It is not uncommon in Karachi for your neighbours to be strangers and for the streets which you pass every day to be unknown territory. This city changes every day and what I call home is now a bizarre paradox of predictable and uncomfortable environments, pulled together through cement, iron bars, mercury glass, coated with candy floss hues of wall paint. 

Since 1992, I’ve lived in one of the oldest residential areas in Karachi called Bath Island. Beneath the sickly sweet apartments and broken footpaths lies a Bath Island of complex history and undulating stories. 

This series of work is an ongoing reflection of disruptions in residential areas such as Bath Island and what the ideal home is today for a middle class Karachi citizen. As property passes through new hands and roads are scrapped away every week, the rarity of stability in the physical environment has launched a tussle for shelter, propelling a race to reach the sky and plummet through the centre of the earth. Who knows where it will take us in the future? 

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'Real Estate Dreams', Oil on Jute, 12 by 30 inches, August 2018, Sweeping Back the Sea, Aicon Gallery, New York, USA

You Selfish Dreamer
Art Divvy Project for Rossi & Rossi, 
November 2017 London


Armed and Equipped;


The clattering of the Mahjong tiles echoes in my ears. The soft green sued lining of the table has just been brushed clean. 


I’m in the kitchen and I turn to my grandmother one last time before I’m pushed into the living room. ‘Please don’t make me hold the tray of tea-cups’ I plead. My whining gets me nowhere and I count every step with baited breath as I balance the tray on my arms.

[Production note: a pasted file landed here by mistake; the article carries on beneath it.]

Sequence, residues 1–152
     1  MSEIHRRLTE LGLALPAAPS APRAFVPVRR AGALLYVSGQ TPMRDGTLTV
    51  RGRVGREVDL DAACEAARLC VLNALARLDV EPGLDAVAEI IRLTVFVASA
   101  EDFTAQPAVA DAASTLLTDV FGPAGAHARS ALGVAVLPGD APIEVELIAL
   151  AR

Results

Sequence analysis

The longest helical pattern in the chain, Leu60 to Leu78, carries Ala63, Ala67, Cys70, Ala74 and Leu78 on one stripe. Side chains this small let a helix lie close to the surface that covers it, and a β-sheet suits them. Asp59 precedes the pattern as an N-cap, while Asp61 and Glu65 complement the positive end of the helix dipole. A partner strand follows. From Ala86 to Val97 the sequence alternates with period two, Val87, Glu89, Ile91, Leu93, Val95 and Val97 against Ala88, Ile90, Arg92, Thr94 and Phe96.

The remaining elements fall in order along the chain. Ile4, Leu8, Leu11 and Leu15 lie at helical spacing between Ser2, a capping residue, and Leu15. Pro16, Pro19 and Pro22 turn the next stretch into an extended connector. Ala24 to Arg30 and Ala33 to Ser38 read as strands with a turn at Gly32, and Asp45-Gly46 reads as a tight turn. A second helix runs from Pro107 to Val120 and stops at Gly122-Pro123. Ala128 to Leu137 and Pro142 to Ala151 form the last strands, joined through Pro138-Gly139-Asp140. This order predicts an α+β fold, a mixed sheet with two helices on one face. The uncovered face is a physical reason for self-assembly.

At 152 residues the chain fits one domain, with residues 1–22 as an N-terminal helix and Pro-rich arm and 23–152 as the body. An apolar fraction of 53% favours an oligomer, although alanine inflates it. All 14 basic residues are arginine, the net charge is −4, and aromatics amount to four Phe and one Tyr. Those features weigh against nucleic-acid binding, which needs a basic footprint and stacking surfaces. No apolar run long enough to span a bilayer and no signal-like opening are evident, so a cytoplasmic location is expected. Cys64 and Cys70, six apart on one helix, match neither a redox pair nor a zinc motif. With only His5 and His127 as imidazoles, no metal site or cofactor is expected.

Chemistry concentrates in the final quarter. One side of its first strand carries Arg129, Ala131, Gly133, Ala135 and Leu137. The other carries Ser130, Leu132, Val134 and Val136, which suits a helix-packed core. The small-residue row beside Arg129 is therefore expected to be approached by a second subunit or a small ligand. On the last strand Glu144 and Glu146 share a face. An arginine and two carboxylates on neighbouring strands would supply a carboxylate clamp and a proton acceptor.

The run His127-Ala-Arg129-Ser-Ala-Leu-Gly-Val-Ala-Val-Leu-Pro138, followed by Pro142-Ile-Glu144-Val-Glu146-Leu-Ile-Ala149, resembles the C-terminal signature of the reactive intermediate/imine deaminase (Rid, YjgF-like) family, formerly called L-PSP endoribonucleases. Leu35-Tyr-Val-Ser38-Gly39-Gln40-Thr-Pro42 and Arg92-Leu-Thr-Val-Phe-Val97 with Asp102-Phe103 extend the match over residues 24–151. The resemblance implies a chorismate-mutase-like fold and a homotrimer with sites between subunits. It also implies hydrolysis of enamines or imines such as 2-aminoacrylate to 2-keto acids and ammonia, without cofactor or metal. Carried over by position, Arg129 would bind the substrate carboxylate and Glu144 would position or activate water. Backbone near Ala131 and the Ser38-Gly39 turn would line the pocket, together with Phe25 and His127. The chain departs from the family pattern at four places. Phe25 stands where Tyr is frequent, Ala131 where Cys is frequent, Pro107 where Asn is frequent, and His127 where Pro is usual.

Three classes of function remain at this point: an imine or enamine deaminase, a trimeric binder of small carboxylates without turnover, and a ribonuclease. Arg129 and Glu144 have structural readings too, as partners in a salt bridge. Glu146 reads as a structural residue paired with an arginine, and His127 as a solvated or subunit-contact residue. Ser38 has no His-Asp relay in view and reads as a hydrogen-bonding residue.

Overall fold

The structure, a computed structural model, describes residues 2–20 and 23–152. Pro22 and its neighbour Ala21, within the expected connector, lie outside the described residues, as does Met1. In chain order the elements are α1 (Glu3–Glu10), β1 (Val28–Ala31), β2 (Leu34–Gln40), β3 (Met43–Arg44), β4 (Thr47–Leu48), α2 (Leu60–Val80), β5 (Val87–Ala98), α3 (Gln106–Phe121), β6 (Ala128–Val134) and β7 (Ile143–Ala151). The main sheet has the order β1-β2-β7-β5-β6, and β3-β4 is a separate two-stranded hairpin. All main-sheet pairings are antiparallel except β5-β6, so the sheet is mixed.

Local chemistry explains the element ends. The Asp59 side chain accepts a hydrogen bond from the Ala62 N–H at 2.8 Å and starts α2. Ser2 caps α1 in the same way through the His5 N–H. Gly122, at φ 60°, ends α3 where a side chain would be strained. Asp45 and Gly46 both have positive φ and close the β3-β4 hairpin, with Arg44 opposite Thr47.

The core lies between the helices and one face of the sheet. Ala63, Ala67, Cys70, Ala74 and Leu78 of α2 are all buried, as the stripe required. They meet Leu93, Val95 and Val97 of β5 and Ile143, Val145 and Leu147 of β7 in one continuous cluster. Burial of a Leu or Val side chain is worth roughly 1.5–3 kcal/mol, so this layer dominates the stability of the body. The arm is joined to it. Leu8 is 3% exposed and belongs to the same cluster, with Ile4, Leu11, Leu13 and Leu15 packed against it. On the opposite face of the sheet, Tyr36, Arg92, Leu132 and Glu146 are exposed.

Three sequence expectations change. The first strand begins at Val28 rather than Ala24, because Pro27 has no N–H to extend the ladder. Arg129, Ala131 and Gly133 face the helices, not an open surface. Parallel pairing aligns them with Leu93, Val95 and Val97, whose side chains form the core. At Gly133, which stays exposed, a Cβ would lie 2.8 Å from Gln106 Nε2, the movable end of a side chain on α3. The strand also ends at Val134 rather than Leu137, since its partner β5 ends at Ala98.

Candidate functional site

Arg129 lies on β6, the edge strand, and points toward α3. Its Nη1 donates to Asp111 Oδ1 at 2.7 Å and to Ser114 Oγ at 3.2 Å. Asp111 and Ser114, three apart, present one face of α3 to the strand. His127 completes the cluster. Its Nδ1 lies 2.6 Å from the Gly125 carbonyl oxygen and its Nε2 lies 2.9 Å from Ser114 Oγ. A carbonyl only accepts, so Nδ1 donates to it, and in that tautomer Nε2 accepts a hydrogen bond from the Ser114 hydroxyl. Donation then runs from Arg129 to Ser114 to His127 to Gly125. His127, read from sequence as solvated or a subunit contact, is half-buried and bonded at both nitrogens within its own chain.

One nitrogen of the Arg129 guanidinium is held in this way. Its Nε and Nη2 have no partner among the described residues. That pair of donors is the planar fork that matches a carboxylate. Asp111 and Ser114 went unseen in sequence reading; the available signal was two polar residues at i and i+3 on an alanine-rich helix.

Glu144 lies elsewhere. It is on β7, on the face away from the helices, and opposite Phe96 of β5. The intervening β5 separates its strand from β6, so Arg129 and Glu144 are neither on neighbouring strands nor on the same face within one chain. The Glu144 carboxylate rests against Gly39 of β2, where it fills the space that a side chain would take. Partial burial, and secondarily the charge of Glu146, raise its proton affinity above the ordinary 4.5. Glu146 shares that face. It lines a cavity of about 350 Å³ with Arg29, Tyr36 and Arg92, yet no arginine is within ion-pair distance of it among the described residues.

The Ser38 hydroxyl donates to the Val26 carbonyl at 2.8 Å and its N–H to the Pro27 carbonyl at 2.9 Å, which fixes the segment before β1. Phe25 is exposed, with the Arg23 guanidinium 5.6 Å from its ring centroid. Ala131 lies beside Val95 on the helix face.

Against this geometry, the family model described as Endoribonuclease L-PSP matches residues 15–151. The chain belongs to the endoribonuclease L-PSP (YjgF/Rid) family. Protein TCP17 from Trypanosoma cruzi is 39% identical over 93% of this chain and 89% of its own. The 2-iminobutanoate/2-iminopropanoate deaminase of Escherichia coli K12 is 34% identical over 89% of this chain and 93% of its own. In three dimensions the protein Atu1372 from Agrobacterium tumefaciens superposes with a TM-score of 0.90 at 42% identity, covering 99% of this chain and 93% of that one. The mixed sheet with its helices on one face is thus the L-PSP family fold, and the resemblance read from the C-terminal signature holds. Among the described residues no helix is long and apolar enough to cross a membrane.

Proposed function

They watch me place the tray down as they assemble mahjong tiles over batasaas and tea…strategically distracting one another in hopes of veering the game towards their favour. It’s only 4:00 pm – their day has just begun. 


‘Mahjong War 2’, Oil on Canvas, 12 by 8.5 inches, 2017, Rossi and Rossi Gallery, London, UK


‘Mahjong War 1’, Oil on Canvas, 8 by 10 inches,  2017 Rossi and Rossi Gallery, London, UK


We Ate The Birds, Koel Gallery,

August, 2017, Karachi, Pakistan 



Occasionally on Sundays during lunch at my grandmother’s home we would spot through the dining room windows, a mother egret and her baby nervously pecking through the barren backyard garden. I found it so peculiar that these feeble yet elegant white birds were foraging around in urban Old Clifton where garbage, smoke and human occupation would easily scare away any animal.


Over the years, the Sunday lunches stopped and so did the egrets’ visits; with the growing encroachment of man’s need for ‘civilization’ migratory birds such as the egrets are faced with a limited number of spaces to call home.

Since the past couple of years I have been interested in documenting old houses in Karachi which have uncertain futures. Due to family complications for the aging owners, high maintenance costs and an increase in the need for land to build modern apartments to house the rising middle class, these old houses of Karachi need a purpose to continue standing. Viewed as a costly burden, many of the owners’ heirs feel inclined to sell off the property, unaware of their contribution to the erasure of Karachi’s history.


These series of compositions feature an ideal situation where perhaps, the egrets could inhabit these homes and possibly be the future owners since the estates are unwanted by humans. Perched on top of windows, cabinets and crouched behind furniture, the egrets are shown to be taking over the interior space much like as we humans have taken over their natural habitats and homes. 

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'The Egret Next Door I', Oil on Lasani Wood, 8 by 44 inches, Koel Gallery, August, 2017

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'The Egret Next Door II', Oil on Lasani Wood, 8 by 44 inches, Koel Gallery, August, 2017